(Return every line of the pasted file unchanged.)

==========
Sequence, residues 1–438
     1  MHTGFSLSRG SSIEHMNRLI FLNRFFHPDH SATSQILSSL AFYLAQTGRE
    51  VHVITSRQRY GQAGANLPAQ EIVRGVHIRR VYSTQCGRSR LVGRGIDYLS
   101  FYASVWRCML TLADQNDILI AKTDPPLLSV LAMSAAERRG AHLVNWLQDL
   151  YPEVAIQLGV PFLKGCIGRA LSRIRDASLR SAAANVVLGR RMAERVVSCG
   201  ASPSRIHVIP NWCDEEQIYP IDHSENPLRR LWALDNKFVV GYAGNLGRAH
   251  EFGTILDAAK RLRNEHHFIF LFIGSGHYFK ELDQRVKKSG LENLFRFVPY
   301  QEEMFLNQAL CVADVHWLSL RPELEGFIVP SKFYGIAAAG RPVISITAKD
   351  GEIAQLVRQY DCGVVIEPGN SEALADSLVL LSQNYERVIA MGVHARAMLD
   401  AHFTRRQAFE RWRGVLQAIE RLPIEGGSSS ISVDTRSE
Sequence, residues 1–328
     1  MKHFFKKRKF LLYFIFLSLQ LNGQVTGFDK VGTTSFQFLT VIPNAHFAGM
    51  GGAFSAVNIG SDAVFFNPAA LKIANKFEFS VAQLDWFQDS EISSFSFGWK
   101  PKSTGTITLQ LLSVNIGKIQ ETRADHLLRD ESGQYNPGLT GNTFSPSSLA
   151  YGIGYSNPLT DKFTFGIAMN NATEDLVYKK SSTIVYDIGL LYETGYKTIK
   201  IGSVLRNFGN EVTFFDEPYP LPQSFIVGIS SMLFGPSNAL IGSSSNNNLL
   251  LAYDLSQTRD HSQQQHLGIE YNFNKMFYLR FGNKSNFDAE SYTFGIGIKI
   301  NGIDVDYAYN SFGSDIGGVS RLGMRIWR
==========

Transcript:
Sequence, residues 1–438
     1  MHTGFSLSRG SSIEHMNRLI FLNRFFHPDH SATSQILSSL AFYLAQTGRE
    51  VHVITSRQRY GQAGANLPAQ EIVRGVHIRR VYSTQCGRSR LVGRGIDYLS
   101  FYASVWRCML TLADQNDILI AKTDPPLLSV LAMSAAERRG AHLVNWLQDL
   151  YPEVAIQLGV PFLKGCIGRA LSRIRDASLR SAAANVVLGR RMAERVVSCG
   201  ASPSRIHVIP NWCDEEQIYP IDHSENPLRR LWALDNKFVV GYAGNLGRAH
   251  EFGTILDAAK RLRNEHHFIF LFIGSGHYFK ELDQRVKKSG LENLFRFVPY
   301  QEEMFLNQAL CVADVHWLSL RPELEGFIVP SKFYGIAAAG RPVISITAKD
   351  GEIAQLVRQY DCGVVIEPGN SEALADSLVL LSQNYERVIA MGVHARAMLD
   401  AHFTRRQAFE RWRGVLQAIE RLPIEGGSSS ISVDTRSE
Sequence, residues 1–328
     1  MKHFFKKRKF LLYFIFLSLQ LNGQVTGFDK VGTTSFQFLT VIPNAHFAGM
    51  GGAFSAVNIG SDAVFFNPAA LKIANKFEFS VAQLDWFQDS EISSFSFGWK
   101  PKSTGTITLQ LLSVNIGKIQ ETRADHLLRD ESGQYNPGLT GNTFSPSSLA
   151  YGIGYSNPLT DKFTFGIAMN NATEDLVYKK SSTIVYDIGL LYETGYKTIK
   201  IGSVLRNFGN EVTFFDEPYP LPQSFIVGIS SMLFGPSNAL IGSSSNNNLL
   251  LAYDLSQTRD HSQQQHLGIE YNFNKMFYLR FGNKSNFDAE SYTFGIGIKI
   301  NGIDVDYAYN SFGSDIGGVS RLGMRIWR